Archive for the ‘France’ category

Megachurches in France

April 6, 2011

Sebastien Fath, French researcher and academic, presented a paper at last August’s Association for the Sociology of Religion in Atlanta, GA, in which he discusses four French megachurches (a church of over 2,000 members). These pentecostal or charismatic churches are described against a backdrop of just under an estimated 2 million French Protestants.  Characterised by their’vigourous worship’ three of these Churches are located in the Paris region, Rencontre Espérance, Paris Centre Chrétien andCharisma Église Chrétienne, with a fourth, Porte Ouverte Chrétienne, located in Mulhouse, Alsace.

On top of these another 30 churches are approaching memberships of 1,000. The better known from among these include the Evangelical Church of Sarcelles, the Evangelical Center Philadelphia, the Communauté Amour et Vérité and the Pentecostal EvangelicalChurch in Lyon. Other congregations founded as recently as the 1990s and 2000s now number several hundreds. These include the Baptist church of Honfleur(Normandy), the Centre du Réveil Chrétien (Paris), the evangelical congregation of La Défense (Paris), the Impact Centre Chrétien (Ivry-sur-Seine) and Hillsong (Paris).

French Roman Catholics are taking note of the megachurch phenomenon. Bishop Dominique Rey (Fréjus-Toulon) authorised a visit studying US megachurches in 2006. The Roman Catholic church of St Thomas (Sarcelles), sees 10,000 Chaldean rite Catholics celebrate mass at one of seven masses per week. Not quite a megachurch, this Roman Catholic congregation is not far behind.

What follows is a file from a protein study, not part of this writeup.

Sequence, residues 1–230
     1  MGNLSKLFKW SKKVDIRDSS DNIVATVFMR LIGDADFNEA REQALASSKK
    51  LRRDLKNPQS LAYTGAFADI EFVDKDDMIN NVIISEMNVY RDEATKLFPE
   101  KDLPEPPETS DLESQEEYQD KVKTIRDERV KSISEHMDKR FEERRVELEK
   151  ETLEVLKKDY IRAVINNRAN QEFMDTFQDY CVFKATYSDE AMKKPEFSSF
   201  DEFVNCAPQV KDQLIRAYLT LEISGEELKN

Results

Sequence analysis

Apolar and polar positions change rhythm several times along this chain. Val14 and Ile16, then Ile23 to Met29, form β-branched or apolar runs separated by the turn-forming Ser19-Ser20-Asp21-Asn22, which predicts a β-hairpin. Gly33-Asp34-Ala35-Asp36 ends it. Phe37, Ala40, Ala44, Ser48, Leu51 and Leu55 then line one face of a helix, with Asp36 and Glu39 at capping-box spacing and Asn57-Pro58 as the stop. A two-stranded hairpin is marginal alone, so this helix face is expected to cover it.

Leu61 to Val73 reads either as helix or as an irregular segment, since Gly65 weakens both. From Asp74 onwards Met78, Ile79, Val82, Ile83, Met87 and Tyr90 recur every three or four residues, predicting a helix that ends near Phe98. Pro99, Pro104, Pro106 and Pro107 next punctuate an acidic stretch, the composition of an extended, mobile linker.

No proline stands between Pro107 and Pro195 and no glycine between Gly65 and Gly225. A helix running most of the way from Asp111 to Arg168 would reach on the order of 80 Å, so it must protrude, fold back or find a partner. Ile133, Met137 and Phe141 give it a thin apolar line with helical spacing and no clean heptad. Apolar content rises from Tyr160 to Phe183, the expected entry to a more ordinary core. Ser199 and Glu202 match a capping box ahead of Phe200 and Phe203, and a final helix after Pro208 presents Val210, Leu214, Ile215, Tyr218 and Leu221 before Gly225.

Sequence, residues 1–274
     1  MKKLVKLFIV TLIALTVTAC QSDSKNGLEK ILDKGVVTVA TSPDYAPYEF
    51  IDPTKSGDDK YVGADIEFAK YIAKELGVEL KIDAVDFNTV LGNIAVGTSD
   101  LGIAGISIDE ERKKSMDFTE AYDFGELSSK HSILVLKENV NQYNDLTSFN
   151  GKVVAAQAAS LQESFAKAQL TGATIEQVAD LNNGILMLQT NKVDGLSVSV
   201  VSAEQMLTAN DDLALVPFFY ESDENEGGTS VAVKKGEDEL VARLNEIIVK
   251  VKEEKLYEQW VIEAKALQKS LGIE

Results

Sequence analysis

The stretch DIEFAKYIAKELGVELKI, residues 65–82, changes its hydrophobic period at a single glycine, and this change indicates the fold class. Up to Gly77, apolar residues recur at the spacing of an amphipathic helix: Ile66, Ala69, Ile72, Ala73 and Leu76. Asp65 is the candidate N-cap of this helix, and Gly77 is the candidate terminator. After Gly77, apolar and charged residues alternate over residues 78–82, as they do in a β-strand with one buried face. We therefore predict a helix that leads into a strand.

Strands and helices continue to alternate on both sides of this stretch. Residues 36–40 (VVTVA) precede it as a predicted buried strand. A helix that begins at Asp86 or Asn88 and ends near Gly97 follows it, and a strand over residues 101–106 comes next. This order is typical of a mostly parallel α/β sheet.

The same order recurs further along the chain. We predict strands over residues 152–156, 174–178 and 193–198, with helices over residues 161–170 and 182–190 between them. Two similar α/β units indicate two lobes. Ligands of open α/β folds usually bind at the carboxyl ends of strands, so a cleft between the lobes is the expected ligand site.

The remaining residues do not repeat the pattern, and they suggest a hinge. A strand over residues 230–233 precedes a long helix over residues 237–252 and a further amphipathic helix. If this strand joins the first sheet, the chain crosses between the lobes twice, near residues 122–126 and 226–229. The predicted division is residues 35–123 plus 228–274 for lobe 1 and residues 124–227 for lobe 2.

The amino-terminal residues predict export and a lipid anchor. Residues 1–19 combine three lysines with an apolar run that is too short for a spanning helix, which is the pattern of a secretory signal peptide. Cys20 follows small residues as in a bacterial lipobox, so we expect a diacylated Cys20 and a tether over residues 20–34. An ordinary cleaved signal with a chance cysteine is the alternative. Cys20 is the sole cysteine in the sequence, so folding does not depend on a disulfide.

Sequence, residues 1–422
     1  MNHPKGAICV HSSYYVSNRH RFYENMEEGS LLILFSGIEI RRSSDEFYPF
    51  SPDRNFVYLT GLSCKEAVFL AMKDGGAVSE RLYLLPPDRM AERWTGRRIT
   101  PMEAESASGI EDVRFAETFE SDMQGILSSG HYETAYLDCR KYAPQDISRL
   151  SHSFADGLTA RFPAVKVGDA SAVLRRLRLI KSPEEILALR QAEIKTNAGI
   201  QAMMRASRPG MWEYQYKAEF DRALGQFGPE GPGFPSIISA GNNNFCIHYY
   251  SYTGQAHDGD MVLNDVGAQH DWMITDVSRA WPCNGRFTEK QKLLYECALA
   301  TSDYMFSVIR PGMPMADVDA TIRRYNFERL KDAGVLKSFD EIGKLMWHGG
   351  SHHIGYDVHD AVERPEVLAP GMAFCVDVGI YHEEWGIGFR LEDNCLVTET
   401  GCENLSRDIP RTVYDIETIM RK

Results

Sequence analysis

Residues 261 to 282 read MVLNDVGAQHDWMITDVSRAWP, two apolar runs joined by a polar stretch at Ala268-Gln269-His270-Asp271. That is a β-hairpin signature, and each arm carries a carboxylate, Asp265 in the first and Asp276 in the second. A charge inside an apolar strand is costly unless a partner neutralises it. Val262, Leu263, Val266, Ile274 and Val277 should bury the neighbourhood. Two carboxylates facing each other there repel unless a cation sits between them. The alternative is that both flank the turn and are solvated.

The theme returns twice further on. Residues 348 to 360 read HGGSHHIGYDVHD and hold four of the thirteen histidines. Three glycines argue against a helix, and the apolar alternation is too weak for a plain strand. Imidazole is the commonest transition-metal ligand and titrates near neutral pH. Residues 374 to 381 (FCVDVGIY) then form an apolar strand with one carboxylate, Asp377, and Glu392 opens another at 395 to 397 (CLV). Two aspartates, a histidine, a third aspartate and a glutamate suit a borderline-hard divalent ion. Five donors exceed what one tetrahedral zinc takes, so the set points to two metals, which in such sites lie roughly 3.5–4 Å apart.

One wonders what the secular philosopher J.P. Sartre would make of this renewal of Christian faith in the land of laïcité.

Fath’s paper can be downloaded from: http://frenchwindows.hautetfort.com/media/02/00/1381341067.pdf

New Baptist church in Rouen facing challenges

January 21, 2011

The Incarnate Network reports on the work of Reuben and Katie Martin (with their three children, Naomi, Rebekah & Benjamin) working with BMS World Mission in Rouen. They have been working in a tough and challenging urban environment since 2007 and this short three minute video outlines some of the challenges and their reflections on their experiences to date. Here, Reuben honestly talks about the real challenges they’ve had to deal with.

Reuben and Katy’s experience in Rouen builds on almost six years of church planting experience in the Croatian city of Dubrovnik.

You can watch the video by following this link.

French cultural exchanges and Christian mission

September 13, 2010

A colleague working for the Church Mission Society, Sas Conradie, reports on an exchange visit from his home town of Uckfield to its French twin town near Dieppe and reflects on the value of such trips for Christian mission in Europe.